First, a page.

women at the helm

Women are not pro-woman by nature of being women. The structures within which we navigate are intensely patriarchal and anti-feminist. Stronger women than you and I have tried and failed to break free of them. They have infiltrated our expectations and thoughts and behaviour and we have internalised the arbitrary boundaries of what is possible, feasible and achievable in gender equality. This does not change when one is in a position of power – especially political power. The political straitjacket is perhaps tighter still as she must prove that she belongs in this male-dominated sphere. God forbid the female leader be seen favouring her own kind – never mind that male leaders have been favouring their own for all history.

The UK is poised to get its second female prime minister. The three largest parties in the UK may soon be headed by women. Across the pond, the US may get its first female president and maybe, just maybe, its first female vice-president. Germany and the powerful IMF  are led by women. The next UN Secretary-General could very likely be a woman. Suffice it to say, there are more women in the upper echelons of politics than ever before.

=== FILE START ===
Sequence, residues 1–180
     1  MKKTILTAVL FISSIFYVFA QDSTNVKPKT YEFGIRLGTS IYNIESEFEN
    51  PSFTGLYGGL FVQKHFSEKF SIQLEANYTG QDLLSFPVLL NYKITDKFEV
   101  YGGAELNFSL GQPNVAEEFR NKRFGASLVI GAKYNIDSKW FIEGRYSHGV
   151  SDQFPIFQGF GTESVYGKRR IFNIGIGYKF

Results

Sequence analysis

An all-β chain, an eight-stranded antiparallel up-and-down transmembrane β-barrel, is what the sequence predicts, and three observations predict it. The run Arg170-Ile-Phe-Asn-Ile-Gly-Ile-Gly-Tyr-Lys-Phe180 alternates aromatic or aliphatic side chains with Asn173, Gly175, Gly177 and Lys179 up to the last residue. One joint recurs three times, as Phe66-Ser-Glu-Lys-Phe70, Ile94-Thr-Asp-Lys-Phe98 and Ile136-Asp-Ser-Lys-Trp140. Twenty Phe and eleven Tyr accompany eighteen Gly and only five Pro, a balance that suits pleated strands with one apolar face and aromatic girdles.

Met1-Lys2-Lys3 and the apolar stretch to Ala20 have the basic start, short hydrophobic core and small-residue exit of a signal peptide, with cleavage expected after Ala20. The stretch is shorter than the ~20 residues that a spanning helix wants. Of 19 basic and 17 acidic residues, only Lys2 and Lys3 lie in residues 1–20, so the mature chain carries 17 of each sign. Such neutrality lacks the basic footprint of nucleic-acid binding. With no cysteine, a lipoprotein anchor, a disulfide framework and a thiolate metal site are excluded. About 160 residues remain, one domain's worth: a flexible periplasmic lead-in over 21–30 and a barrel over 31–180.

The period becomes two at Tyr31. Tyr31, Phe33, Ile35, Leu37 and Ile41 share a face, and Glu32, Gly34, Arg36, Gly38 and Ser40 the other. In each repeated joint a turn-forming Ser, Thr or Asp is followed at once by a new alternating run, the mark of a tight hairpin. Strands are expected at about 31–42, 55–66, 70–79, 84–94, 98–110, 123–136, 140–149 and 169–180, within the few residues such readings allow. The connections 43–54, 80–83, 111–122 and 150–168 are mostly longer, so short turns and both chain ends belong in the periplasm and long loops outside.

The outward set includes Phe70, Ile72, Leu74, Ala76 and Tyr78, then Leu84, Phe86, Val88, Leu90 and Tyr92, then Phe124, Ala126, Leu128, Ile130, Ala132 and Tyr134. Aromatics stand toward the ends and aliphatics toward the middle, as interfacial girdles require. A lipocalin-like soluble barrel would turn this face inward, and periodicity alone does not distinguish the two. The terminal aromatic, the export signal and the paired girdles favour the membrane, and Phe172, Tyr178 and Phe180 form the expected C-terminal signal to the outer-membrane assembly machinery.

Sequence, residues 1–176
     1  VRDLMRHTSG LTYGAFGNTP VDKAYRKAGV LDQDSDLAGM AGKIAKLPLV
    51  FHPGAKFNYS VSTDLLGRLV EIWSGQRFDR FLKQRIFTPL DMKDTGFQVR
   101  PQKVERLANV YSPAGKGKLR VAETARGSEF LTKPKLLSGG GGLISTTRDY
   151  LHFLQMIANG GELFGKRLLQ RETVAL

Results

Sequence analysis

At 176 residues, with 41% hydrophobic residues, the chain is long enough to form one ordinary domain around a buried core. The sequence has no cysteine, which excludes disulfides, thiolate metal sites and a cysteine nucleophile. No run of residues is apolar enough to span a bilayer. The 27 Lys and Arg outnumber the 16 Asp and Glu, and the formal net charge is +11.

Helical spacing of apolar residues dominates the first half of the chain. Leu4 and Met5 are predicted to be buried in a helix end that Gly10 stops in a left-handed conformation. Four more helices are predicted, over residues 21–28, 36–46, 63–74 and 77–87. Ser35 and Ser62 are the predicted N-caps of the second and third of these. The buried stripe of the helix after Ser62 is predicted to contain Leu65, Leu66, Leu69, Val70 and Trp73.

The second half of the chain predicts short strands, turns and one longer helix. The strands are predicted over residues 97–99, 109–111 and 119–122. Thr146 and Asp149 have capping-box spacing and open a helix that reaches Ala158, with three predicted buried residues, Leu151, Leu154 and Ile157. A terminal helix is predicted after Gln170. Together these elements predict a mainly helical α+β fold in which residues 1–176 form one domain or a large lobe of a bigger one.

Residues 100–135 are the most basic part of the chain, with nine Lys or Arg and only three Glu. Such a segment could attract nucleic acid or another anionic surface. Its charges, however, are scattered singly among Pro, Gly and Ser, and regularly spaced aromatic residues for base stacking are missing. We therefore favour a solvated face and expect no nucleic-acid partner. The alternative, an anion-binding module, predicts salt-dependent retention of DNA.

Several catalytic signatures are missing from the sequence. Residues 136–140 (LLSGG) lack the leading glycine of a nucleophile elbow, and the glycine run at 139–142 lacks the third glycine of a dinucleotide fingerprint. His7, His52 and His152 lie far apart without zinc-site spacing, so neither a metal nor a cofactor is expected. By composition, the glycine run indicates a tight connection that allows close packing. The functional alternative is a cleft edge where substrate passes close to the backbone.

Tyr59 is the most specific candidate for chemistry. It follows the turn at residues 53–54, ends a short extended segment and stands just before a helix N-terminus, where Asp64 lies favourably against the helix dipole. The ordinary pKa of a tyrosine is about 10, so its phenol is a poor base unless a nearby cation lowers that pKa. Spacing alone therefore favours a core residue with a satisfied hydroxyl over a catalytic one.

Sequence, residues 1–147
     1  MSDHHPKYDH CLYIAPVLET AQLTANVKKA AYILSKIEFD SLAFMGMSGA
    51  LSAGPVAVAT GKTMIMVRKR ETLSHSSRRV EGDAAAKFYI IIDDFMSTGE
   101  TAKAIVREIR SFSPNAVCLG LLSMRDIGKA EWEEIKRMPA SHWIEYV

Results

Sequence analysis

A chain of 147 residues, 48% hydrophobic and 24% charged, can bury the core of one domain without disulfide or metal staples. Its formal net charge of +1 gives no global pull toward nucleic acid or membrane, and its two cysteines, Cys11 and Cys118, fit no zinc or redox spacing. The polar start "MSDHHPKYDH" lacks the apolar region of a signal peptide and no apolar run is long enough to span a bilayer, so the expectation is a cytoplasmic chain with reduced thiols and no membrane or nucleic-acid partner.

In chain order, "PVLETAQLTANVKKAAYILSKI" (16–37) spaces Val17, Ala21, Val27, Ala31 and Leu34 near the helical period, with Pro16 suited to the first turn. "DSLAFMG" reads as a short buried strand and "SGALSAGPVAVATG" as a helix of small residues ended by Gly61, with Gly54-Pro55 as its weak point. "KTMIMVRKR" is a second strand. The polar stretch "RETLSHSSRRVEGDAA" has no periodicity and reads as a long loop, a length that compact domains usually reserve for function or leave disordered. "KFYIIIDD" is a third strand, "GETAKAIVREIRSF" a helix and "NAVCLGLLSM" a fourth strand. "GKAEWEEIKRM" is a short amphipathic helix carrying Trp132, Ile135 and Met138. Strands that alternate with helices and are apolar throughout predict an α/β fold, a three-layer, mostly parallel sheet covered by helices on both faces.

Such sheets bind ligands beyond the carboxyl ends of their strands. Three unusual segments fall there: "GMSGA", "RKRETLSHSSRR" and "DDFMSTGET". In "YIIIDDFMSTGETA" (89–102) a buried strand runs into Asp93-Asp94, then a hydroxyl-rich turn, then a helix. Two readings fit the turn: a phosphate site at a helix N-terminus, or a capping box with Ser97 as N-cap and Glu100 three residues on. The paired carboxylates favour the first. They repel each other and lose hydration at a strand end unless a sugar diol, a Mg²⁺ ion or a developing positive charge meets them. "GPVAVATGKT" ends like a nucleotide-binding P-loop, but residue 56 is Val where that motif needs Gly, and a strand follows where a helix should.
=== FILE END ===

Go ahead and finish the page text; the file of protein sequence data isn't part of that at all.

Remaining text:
Does this mean anything? Do these women represent other women? Or do they adhere to the same established unequal gendered structures as those cast in written laws and unspoken norms?

Ceteris paribus I’d want a woman at the top. The sound of a glass ceiling shattering is the music of victory, regardless of whether the falling shards cut the rest of us standing underneath as we look up. But imagine the day when we are spoiled enough for choice that we can do away with this primal need to cheer indiscriminately on every rare occasion a woman takes the political reins! That will be the day when we can opine guilt-free that a woman is unfit and undeserving to lead because of her anti-feminist policies and views.

Until then, here we still are, too often trapped in a frustrating compromise between superficial and true representation.


When all has been said
when the problems of the world
have been dissected discussed and settled
when eyes have met
and hands been shaken
in the gravity of the moment
—a woman always arrives
to clear the table
sweep the floor and open the windows
to let out the cigar smoke

It never fails

– Ingibjörg Haraldsdóttir, translated by Salka Guðmundsdóttir

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